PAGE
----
In it's vanilla incarnation it left your character dead, which of course is bad enough (not being able to continue play). But what made it worse is that your death was completely stupid and should have been avoidable, either by:

    A: Sending in a Rad resistant/immune minion or
    B: Donning an rad suit and popping some Rad X

    And as stated Bethesda changed it in the Broken Steel DLC and in mine and many others opinion it was for the better.

    I'm glad to see some more 'subdued' comments here today, rather than the awful mess from the other day.

    I haven't played ME3 yet so i can't comment on that particular ending. If it sucks, like a few people have stated, then I'll probably be disappointed. I might voice my opinion, or tweet a statement of disappointment.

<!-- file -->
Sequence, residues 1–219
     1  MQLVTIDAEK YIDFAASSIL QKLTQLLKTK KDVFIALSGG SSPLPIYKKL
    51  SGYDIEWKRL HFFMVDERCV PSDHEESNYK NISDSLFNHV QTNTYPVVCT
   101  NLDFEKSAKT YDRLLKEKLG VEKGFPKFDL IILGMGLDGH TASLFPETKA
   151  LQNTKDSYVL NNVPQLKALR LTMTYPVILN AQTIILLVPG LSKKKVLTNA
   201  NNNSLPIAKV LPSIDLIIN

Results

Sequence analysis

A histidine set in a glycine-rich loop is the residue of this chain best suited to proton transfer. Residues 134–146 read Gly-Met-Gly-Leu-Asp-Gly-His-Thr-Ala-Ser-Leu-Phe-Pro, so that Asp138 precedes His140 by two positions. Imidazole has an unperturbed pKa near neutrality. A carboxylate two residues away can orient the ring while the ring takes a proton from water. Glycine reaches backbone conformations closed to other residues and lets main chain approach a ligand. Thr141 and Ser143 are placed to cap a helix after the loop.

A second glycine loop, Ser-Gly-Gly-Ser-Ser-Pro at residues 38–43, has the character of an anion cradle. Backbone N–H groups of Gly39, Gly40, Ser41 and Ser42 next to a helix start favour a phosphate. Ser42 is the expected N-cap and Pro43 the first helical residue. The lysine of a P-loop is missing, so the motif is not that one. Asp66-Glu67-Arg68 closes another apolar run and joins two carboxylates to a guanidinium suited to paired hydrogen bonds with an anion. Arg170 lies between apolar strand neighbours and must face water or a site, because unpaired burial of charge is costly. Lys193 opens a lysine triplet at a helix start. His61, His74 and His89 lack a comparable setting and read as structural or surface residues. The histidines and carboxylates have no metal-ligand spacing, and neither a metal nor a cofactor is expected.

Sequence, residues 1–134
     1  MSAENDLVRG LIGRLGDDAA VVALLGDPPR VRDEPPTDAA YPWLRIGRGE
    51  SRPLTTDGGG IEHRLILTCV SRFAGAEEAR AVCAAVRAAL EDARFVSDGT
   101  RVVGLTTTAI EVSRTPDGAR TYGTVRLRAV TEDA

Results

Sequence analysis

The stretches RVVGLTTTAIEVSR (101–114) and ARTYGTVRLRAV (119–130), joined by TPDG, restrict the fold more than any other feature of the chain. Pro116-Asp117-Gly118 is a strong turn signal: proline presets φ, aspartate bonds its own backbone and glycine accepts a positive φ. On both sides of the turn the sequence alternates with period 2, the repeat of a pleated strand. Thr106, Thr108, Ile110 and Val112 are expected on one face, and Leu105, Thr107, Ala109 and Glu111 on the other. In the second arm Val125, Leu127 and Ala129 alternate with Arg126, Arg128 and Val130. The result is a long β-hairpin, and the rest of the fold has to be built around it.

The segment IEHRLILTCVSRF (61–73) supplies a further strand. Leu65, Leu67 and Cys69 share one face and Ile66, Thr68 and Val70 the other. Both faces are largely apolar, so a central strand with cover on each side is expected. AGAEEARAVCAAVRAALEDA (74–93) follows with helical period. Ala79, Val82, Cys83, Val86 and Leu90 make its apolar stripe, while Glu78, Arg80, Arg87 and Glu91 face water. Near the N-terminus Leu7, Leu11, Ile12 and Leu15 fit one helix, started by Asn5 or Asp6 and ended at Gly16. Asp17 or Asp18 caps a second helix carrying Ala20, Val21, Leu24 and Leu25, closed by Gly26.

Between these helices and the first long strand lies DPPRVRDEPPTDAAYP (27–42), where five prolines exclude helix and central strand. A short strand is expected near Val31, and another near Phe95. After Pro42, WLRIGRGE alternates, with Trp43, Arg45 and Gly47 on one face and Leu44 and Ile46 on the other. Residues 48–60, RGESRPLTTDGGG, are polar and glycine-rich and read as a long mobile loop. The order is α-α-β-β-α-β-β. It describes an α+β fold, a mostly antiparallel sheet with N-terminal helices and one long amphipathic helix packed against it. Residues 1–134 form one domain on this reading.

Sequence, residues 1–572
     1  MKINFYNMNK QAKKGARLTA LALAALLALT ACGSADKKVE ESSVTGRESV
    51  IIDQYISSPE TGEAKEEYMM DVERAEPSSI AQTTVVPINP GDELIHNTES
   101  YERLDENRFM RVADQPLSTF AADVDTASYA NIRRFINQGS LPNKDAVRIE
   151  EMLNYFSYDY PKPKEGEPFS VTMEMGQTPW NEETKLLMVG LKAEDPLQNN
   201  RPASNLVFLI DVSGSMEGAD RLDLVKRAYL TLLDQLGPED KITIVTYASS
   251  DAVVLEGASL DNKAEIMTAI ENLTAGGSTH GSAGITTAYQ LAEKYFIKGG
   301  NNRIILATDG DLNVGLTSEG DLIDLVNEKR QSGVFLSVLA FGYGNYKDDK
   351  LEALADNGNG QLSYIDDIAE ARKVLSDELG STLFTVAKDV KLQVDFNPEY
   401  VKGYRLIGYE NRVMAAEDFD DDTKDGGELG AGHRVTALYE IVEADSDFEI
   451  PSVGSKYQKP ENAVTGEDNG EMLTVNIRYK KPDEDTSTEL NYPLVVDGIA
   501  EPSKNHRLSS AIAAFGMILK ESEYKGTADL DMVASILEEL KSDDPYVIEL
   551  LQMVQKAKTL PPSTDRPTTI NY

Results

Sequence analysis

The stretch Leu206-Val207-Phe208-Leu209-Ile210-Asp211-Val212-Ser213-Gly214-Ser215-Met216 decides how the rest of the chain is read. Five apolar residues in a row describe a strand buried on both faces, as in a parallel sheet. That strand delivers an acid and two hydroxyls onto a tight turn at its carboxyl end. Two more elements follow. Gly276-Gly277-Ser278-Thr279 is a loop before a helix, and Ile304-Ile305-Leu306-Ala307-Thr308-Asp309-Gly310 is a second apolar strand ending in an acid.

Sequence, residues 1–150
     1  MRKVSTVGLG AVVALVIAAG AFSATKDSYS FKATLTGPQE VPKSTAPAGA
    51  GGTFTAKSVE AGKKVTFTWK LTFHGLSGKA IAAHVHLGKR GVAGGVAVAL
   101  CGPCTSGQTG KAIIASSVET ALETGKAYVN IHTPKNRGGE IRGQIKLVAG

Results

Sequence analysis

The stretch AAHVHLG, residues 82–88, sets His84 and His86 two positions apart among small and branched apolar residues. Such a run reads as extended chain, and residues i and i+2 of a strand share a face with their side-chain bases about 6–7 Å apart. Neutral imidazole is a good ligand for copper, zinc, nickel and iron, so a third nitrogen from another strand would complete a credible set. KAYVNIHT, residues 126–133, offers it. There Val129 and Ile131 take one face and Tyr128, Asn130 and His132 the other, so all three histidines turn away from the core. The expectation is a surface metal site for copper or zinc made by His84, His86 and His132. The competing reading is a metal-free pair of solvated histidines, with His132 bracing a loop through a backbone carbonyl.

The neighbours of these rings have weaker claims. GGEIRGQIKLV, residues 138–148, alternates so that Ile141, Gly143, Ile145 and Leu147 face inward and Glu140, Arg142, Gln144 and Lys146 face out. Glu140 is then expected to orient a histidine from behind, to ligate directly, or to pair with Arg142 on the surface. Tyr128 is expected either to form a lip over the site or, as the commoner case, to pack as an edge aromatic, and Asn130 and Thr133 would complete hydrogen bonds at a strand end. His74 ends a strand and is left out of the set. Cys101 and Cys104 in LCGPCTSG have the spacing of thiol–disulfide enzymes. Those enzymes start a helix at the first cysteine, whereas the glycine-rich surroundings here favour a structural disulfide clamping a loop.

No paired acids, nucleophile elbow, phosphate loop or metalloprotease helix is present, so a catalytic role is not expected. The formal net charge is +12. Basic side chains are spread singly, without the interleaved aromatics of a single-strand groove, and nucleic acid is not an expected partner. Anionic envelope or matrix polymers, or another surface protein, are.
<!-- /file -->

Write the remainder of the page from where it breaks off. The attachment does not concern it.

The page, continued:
At no stage will I sign a petition to change the ending & spew venom at BioWare. I would hope they're not even considering it.

    Patch broken aspects of games? Absolutely! Patch a story that doesn't meet your expectations? Bollocks!

    That being said, if it does suck as much as (some) people are saying, I hope BioWare take the critisism on-board when creating future titles.

    I wonder then, somewhat tangentially, if the ending (I haven't seen it) to ME3 has caused this much of a furore amongst the fans, what kind of angst and discussions must have taken place at Bioware while they came up with it?

    Like anything, there would have been dissenters amongst the story writers, not to mention those who only worked on technical assets or marketing and so forth. I've certainly heard of this sort of disagreement coming out when much-loved TV series' end.

    I'd love some 'fly on the wall' behind the scenes clearing of the air from the production team to that end.

    At first I was going to say that the ending shouldn't be patched, but when they test screen movies they often change the endings if the audience dislikes it. In the end it's up to the developer, if they want the ending to stay as it is then it should no matter how bad others think that ending is.